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Want to know how to make Linux really secure? Security Enhanced Linux (SE Linux), a system of security policies developed by the NSA, let you secure Linux at every level from the kernel up. Find out how EnGarde Secure Linux and others build and maintain a truly secure server environment.

SELinux Labeling of Xen Images Labeling of Xen Images  19 March 2008 
Source: danwalsh's Journal - Posted by Bill Keys   
A place people sometimes trip with SELinux is the labeling of files. SELinux requires files to be labeled correctly in order to function. Discretionary Access Control has the same requirement in that file must have the correct permissions and ownership. If a file does not have the correct permissions it can not be read, written or executed. Similarly if a file is not labeled correctly SELinux will prevent read/write/execute as well as many other permissions and transitions. Are you a Xen user? If so this article will show you steps to increase your images security by using SELinux.
What is SE-PostgreSQL?  12 March 2008 
Posted by Ryan Berens   
If you're curious about how SELinux work with a database, and want to take your understanding to the next level, this is a great way to get started: Security-Enhanced PostgreSQL (SE-PostgreSQL) is a security extension built in PostgreSQL. It works as a reference monitor within relational database management system, and provides fine-grained mandatory access control features collaborating with SELinux and its security policy.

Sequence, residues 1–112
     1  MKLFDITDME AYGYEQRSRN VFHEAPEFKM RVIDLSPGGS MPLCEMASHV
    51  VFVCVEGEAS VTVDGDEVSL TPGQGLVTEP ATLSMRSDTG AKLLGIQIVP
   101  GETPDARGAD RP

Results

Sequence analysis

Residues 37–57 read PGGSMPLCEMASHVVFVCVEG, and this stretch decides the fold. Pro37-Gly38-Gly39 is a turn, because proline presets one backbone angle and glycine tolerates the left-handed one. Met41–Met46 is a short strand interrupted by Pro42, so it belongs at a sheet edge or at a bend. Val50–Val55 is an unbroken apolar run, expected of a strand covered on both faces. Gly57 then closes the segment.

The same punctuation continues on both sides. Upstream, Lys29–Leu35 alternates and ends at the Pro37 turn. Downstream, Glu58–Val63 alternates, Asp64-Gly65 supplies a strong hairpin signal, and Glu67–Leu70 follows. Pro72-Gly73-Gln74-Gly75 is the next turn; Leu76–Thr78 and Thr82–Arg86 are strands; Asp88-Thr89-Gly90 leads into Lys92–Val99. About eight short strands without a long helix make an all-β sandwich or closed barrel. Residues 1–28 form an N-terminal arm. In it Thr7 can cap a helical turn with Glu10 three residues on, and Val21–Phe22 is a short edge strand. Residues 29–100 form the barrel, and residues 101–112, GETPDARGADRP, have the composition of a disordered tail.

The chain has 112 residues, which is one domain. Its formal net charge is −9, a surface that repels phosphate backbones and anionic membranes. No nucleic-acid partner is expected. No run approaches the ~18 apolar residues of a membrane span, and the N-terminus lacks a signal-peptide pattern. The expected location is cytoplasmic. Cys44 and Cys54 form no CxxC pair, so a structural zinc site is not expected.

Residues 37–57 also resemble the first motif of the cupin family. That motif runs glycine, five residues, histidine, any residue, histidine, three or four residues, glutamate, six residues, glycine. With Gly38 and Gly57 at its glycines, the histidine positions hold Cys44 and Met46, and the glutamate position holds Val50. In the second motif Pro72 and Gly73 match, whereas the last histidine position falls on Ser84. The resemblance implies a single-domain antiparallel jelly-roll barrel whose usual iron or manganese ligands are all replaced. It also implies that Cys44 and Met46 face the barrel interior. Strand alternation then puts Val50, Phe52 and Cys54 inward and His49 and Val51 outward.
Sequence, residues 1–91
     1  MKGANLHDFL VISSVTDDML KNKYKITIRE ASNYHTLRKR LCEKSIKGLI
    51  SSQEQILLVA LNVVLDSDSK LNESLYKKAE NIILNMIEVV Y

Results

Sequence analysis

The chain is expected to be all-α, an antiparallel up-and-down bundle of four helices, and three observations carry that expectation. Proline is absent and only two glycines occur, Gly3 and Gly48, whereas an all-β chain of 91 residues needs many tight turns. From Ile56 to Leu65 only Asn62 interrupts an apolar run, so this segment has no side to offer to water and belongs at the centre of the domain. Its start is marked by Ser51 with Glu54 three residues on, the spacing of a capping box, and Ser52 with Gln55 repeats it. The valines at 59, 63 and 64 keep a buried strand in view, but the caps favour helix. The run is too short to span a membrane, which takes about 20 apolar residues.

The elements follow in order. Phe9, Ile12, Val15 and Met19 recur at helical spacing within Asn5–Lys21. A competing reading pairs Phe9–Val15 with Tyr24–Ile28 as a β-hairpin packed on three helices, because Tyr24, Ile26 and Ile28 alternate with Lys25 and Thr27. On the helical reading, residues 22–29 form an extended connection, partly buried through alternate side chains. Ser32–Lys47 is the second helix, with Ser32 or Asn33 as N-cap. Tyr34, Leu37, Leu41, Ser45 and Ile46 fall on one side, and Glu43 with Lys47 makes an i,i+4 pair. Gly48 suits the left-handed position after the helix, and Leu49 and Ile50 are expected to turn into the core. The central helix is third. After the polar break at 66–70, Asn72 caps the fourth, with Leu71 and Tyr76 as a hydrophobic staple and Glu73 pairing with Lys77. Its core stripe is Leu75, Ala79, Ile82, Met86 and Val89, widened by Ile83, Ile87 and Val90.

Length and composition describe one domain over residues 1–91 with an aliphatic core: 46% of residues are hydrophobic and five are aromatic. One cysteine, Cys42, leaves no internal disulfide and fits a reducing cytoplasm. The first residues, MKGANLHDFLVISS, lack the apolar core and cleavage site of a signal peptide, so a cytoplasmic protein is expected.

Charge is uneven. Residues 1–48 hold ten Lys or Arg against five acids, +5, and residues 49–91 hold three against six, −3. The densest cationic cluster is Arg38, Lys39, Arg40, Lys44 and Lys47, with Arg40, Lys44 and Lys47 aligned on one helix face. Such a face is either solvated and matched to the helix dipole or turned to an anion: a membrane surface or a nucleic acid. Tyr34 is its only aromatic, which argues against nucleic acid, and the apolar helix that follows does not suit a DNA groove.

These features enable to deploy a database management system into data flow control scheme, integrated with operating system. We call the most characteristic feature of SE-PostgreSQL as ''system-wide consistency in access controls''. Any other RDBMS cannot provide this feature in current.
Core SELinux Version Released  07 March 2008 
Source: SELinux News - Posted by Bill Keys   
The NSA have announced the latest release of the core userland SELinux code. According to the changelog, changes in this release include support for policy capabilities (i.e. allowing features to be selectively implemented in policy), several enhancements to libselinux, optimized matchpathcon, improved error handling and various bugfixes. The release may be downloaded here. Also noted in the release is a new page on the NSA site: Related Work, providing links to information on the underlying architecture and non-Linux implementations.
So, would you call it SESolaris? SEOpenSolaris?  06 March 2008 
Source: - Posted by Ryan Berens   
We had mentioned last week that Solaris has introduced the FLASK security framework (part of the heart of SELinux) into its system. This week, a number of sites are chiming in, and this blogger has a couple of great links as well... In a major validation of the FLASK architecture, the OpenSolaris community has created a new project called Flexible Mandatory Access Control (fmac) to adapt the FLASK architecture to OpenSolaris. (The FLASK architecture that is the basis for SELinux.) Stephen Smalley will be one of the community leads. OSNews picked up the email thread today with some interesting comments.
SELinux Blocks Real-World Exploits  25 February 2008 
Source: - Posted by Ryan Berens   
SELinux still has a ways to go before it becomes the standard for secure servers. But as time passes, more and more administrators are realizing that this isn't some addition that needs to be switched off - it's an incredibly effective tool that when used correctly, can stop real-world exploits from causing real-world problems. In this article, Network World gives a soup-to-nuts overview on the current state of SELinux and how it is one of the most capable ways administrators can lock-down their system.

Linux security experts are reporting a growing list of real-world security situations in which the US National Security Agency's SELinux security framework contains the damage resulting from a flaw in other software. These so-called "mitigations" are showing that a Linux feature that began as an esoteric security measure is starting to prove its worth.
What are your thoughts?
Role-based access control in SELinux  15 February 2008 
Source: IBM Developer Works - Posted by Ryan Berens